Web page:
Book Review: The Sparsholt Affair, by Alan Hollinghurst

Available in bookshops nationwide. 

cv_The-sparsholt_affair.jpgThe Sparsholt Affair by Alan Hollinghurst is an ambiguous tale of the permeating aftershocks of encounters with the charming David Sparsholt: war-hero, strong-man, closet gay man prior to the British sexual liberation of 1967. Set over five parts, numerous narrators give us peep-hole insights to the influence and lasting touches of Sparsholt, and cleverly leaves the unspeakable to occur behind blinds, during blackouts (of both varieties), and between parts. Be warned: the Sparsholt Affair is not entirely what it seems.

We are first introduced to David Sparsholt as an entry in Freddie Green’s memoir of Oxford during the war, in ‘that brief time between sunset and blackout when you could see into other people’s rooms’. Spied by Green and his contemporaries Evert Dax and Peter Goyle, Sparsholt’s impressive aesthetic ignites a male infatuation that will both mire Sparsholt’s life and carry the novel. Sparsholt is an engineer and athlete training for the RAF, and is embroiled in sexual scandal from the outset thanks to the ‘rhythmical creaking’ from his room during visits from his to-be wife, Connie. Sparsholt’s blatant heterosexuality seems to only fuel the intrigue as Green, Dax, and Goyle each fall into pursuit of Sparsholt in their own ways. Between the suggestive war time black-outs, this competition is won by Dax, and recorded as told to Green. Sparsholt is doused in secrecy and scandal, spoken about in the same way neighbours may trade gossip in whispers before an inevitable disgrace.

Leaving Sparsholt’s war to occur in the part break, the novel now jumps to 1965, where Freddie Green’s literary journal has been replaced with a contemporary yet equally insightful narrative from the perspective of Johnny, Sparsholt’s adolescent son. Sparsholt is now a war-hero and established industrialist, married to Connie. Together with Connie, Johnny, French exchange student Bastien, and the Haxbys, the story moves to summertime in Cornwall. The Cornish setting allows air to two flames: that between David Sparsholt and the noisome Clifford Haxby, conducted in secrecy yet with a recklessness that makes one’s stomach turn somersaults, and simultaneously for Johnny – the typically sexually repressed English teen – who is besotted with his liberal French counterpart, Bastien. Should Johnny not have been so consumed by his own pubescent crush, he might have had warning of the scandal his family was on course for.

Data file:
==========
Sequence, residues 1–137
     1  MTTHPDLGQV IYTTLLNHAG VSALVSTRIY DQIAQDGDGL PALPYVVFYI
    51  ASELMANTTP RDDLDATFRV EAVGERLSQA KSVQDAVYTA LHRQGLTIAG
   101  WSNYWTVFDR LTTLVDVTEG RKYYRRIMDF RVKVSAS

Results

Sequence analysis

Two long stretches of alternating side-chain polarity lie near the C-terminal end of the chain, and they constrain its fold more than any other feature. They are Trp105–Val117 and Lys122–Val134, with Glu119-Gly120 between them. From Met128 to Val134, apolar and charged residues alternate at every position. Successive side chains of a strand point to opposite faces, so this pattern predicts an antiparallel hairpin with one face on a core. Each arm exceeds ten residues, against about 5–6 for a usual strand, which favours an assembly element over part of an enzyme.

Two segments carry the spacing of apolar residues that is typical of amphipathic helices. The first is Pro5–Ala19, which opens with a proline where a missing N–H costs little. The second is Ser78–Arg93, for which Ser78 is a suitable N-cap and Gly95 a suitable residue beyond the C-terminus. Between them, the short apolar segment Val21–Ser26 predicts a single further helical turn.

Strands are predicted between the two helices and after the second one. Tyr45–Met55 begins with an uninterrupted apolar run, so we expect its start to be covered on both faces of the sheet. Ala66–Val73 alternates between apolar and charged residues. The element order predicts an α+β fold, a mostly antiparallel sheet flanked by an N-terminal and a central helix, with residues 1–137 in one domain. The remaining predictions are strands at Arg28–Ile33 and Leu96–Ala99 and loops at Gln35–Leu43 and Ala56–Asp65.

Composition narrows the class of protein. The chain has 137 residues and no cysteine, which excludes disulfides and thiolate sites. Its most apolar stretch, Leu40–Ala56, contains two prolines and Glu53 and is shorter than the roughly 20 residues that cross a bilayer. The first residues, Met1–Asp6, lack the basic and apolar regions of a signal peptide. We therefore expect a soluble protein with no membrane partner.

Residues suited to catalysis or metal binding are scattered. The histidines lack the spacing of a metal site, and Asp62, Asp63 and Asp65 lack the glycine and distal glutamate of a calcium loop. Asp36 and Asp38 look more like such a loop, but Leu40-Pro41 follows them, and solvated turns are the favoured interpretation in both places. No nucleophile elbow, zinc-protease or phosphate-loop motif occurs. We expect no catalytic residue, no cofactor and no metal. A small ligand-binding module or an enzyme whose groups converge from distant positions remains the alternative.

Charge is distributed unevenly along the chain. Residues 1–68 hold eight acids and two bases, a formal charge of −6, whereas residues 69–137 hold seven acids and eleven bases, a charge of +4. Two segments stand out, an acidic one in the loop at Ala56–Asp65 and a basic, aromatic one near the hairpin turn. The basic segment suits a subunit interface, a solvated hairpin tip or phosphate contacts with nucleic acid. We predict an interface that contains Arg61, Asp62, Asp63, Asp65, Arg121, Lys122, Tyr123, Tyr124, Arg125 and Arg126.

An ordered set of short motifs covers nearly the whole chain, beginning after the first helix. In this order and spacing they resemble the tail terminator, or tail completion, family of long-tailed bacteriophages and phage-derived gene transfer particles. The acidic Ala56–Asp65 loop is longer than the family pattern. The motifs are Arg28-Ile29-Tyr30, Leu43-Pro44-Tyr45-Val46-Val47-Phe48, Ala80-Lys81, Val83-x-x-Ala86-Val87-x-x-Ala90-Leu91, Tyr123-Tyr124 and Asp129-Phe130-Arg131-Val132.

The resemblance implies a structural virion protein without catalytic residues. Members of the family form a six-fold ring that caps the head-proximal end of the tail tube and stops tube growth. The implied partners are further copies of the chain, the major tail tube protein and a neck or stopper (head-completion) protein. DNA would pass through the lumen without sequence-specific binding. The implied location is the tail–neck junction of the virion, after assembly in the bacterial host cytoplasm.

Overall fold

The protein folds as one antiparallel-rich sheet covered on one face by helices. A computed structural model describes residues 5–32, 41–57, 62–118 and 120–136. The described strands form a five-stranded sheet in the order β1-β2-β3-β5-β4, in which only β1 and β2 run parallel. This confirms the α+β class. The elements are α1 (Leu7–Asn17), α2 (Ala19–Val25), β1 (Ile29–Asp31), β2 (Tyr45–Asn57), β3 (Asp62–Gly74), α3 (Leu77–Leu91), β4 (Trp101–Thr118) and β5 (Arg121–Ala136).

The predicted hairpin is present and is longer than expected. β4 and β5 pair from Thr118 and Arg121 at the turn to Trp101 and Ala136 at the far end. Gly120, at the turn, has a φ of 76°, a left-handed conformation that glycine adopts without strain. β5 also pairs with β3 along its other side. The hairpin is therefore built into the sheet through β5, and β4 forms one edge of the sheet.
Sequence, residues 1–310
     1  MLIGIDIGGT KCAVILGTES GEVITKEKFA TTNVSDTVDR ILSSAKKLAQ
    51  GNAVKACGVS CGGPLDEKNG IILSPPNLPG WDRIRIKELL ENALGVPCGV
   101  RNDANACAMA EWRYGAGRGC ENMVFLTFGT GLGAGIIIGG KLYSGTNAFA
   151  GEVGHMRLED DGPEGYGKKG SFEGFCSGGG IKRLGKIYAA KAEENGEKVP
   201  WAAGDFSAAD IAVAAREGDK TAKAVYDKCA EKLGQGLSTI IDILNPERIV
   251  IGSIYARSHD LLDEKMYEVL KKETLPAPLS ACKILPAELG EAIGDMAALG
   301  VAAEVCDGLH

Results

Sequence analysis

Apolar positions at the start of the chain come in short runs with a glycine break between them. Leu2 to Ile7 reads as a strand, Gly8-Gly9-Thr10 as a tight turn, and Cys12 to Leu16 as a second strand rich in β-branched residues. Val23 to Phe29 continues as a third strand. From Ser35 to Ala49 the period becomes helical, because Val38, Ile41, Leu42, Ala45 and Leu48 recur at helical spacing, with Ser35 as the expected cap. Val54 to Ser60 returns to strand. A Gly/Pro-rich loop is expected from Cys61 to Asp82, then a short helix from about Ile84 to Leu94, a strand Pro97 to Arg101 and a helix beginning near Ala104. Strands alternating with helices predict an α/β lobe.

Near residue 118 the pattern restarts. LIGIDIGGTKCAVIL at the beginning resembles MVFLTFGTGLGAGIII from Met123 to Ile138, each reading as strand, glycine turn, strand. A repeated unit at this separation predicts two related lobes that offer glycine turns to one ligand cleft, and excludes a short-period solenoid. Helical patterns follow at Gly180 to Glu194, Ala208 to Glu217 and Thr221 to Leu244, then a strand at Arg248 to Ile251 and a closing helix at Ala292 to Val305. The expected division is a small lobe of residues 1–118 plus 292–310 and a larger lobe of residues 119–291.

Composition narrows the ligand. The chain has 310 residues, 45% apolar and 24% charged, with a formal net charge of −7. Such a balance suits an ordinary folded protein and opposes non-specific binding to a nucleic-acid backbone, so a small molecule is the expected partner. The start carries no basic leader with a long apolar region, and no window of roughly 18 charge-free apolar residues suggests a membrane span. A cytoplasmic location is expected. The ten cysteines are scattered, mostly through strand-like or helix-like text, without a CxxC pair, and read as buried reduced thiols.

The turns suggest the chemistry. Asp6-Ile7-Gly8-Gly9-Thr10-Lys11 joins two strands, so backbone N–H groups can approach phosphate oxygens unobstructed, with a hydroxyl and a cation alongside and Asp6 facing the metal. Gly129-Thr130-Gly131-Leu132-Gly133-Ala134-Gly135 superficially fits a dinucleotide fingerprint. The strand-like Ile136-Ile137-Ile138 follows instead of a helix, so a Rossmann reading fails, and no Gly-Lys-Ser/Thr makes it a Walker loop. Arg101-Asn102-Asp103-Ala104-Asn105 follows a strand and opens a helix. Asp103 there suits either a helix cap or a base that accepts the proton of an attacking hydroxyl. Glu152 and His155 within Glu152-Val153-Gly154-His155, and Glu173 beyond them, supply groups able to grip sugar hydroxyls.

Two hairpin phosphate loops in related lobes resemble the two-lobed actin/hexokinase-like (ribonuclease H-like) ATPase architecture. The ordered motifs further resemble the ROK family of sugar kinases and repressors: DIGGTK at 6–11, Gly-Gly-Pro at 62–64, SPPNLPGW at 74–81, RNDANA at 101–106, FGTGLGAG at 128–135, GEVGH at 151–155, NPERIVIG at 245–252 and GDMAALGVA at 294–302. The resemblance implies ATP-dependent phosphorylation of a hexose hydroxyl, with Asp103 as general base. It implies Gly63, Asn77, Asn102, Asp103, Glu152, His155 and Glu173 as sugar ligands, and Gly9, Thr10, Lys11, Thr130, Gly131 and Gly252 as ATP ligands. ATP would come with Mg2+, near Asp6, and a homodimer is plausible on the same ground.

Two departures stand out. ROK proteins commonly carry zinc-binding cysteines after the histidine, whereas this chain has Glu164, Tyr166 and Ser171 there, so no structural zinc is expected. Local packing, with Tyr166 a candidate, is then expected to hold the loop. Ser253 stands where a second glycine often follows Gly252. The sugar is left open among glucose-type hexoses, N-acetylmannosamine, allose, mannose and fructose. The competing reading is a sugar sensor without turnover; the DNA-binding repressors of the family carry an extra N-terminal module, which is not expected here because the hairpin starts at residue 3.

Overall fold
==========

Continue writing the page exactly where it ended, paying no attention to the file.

The story jumps again, this time into Evert Dax’s house in London post the 1967 decriminalisation of homosexuality. We re-connect with Evert as Johnny Sparsholt, now a strapping young gay man, enters Evert’s house as an art restorer. Oblivious to the relationship once shared between his father and the paunchy old art enthusiast, Johnny is both eager to gain a place in the gay scene based at Cranley Gardens and naïve about the intentions of those around him. We learn that the actual Sparsholt affair that was so pregnant in the previous setting has been and gone between parts, and we turn the pages in eagerness for a climax, trembling for the revelations that might come with it.

But Hollinghurst holds back, denying us any juicy details, giving us only scraps: ‘money, power, gay shenanigans…it had everything!’ This is somewhat frustrating, as up until this point the reader has been led to believe the explosiveness of the affair was the carrot we’d been patiently chasing. Once the disappointment abates, however, the Sparsholt Affair morphs away from a legacy instead into a story of life’s vice and drama, particularly for gay men in a liberated London. It is a generational comparison, pulling a colourful contrast of experience from each side of 1967.

By the 90s we are led by Lucy, the child (born in the part-break) of Johnny and a lesbian couple who had requested him to ‘do a baby for us’. We see Johnny finally in the new millennium, where parenting and dating apps have again revolutionized the gay landscape. Johnny does his best to adapt, as a successful portrait painter who suffers love, loss, and reincarnation.

As a first-time reader of Hollinghurst, his tendency to let pivotal scenes happen between the parts can leave you feeling crestfallen, but the Sparsholt Affair withstands these temporary disappointments as one begins to recognize the larger, comedic, and charming design of the story.

Reviewed by Abbie Treloar

The Sparsholt Affair
by Alan Hollinghurst
Published by Pan Macmillan
ISBN 9781509844937

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Book Review: A Long Way From Home, by Peter Carey

Available in bookshops nationwide.

cv_a-long_way_from_home.jpgThere is so much life in this novel, such exuberance and energy. It was a delight to read, at times flamboyant in its language, always deliciously descriptive and vivid, rich and colourful from beginning to end. How does one make the arid and rugged landscape of Australia lush and stunning? I don’t know, but somehow Peter Carey, twice winner of the Booker Prize, as well as numerous other awards, does.